• The inventors have further appreciated that the low field strengths employed in low-field MRI facilitate the design of parallel receive coils that are not applicable and/or possible in the high-field context. For example, to transmit excitation pulse sequences and to detect emitted MR signal, transmit/receive coils must resonate at a frequency dependent on the strength of the B0 field. Accordingly, transmit/receive coils in the high-field regime must resonate at significantly higher frequencies than their low-field counterparts. Because of the inverse relationship between the length of a conducting path and the wavelength of the resonant frequency/frequencies in a resonant circuit (i.e., the frequencies at which a coil can produce and detect magnetic fields), the conducting paths of high-field transmit/receive coils are required to be very short. Thus, high-field MRI receive coils are single turn, short path conducting loops.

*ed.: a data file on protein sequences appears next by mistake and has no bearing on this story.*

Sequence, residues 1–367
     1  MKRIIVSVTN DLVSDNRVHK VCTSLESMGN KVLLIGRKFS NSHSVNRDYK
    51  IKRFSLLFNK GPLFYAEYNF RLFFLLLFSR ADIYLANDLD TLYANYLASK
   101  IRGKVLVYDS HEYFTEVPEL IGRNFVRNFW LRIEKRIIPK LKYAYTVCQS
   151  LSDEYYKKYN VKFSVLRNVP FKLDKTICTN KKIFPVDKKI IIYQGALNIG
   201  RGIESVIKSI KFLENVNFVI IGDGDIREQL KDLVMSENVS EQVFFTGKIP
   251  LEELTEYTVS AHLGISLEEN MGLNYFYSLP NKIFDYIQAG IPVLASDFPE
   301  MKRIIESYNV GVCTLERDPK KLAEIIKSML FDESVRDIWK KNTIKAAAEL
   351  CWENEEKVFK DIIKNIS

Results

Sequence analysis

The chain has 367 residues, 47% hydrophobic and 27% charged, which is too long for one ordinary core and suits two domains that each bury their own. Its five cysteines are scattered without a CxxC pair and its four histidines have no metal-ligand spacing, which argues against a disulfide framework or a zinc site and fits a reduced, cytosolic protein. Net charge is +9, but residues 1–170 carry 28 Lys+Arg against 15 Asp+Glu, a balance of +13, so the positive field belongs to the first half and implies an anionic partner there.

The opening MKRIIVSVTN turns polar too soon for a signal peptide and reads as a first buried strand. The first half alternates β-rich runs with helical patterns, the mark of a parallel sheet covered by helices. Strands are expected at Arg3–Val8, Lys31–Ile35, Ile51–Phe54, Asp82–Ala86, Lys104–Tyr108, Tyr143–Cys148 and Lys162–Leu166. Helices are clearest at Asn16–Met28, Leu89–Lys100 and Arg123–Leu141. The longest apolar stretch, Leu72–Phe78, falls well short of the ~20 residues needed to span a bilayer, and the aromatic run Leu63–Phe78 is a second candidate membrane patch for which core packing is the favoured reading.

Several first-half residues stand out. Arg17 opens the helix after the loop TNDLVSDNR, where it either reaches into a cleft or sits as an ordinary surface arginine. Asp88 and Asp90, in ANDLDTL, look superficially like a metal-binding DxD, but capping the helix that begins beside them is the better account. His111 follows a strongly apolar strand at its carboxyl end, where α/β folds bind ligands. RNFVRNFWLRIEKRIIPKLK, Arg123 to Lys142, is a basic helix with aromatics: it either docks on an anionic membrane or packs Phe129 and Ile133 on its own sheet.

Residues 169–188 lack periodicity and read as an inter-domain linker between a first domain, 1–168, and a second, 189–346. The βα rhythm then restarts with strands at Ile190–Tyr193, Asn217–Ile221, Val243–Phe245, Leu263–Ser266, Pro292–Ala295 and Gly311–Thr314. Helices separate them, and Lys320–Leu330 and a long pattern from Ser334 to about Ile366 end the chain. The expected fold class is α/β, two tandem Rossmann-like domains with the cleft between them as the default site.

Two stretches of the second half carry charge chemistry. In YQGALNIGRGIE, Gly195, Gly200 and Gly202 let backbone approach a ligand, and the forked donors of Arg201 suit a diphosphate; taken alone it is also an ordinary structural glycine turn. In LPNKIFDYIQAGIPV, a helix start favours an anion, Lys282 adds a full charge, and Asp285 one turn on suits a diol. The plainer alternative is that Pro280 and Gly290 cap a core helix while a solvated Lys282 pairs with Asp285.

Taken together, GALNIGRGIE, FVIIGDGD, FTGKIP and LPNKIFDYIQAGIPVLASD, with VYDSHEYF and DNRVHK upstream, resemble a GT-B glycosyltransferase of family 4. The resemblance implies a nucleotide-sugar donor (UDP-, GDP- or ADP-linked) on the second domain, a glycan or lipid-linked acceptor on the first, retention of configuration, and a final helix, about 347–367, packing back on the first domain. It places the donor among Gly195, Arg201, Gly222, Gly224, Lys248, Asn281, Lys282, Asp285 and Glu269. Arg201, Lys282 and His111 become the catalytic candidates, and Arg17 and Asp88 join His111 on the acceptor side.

• The inventors have recognized that the low frequencies involved in low-field MRI permit the conducting paths of parallel receive coils to be quite long, allowing for coil designs that are not suitable (or useable) for high-field MRI due to the constraints on conductive path length imposed by the high frequencies involved in high-field MRI. According to some embodiments, a plurality of multi-turn receive coils are provided to produce a multi-channel receive coil array for use in low-field MRI. The plurality of coils may be provided in a three-dimensional geometry about a region of interest. The plurality of coils may be arranged in an overlapping relationship to facilitate decoupling of adjacent receive coils and may be arranged over a surface to detect MR signals emitted from a region of interest, some examples of which are discussed in further detail below.
  • Additionally, clinical high-field MRI systems typically generate a B0 field via a solenoid coil wound about a cylindrical bore into which the patient being imaged is inserted. As such, the B0 field is oriented along the longitudinal axis of the bore and the body inserted into the bore. To perform MRI, transmit/receive coils must produce a B1 field perpendicular to the B0 field and detect emitted MR signals in this transverse direction. This places further restrictions on the geometry for transmit/receive coils designed for high-field MRI.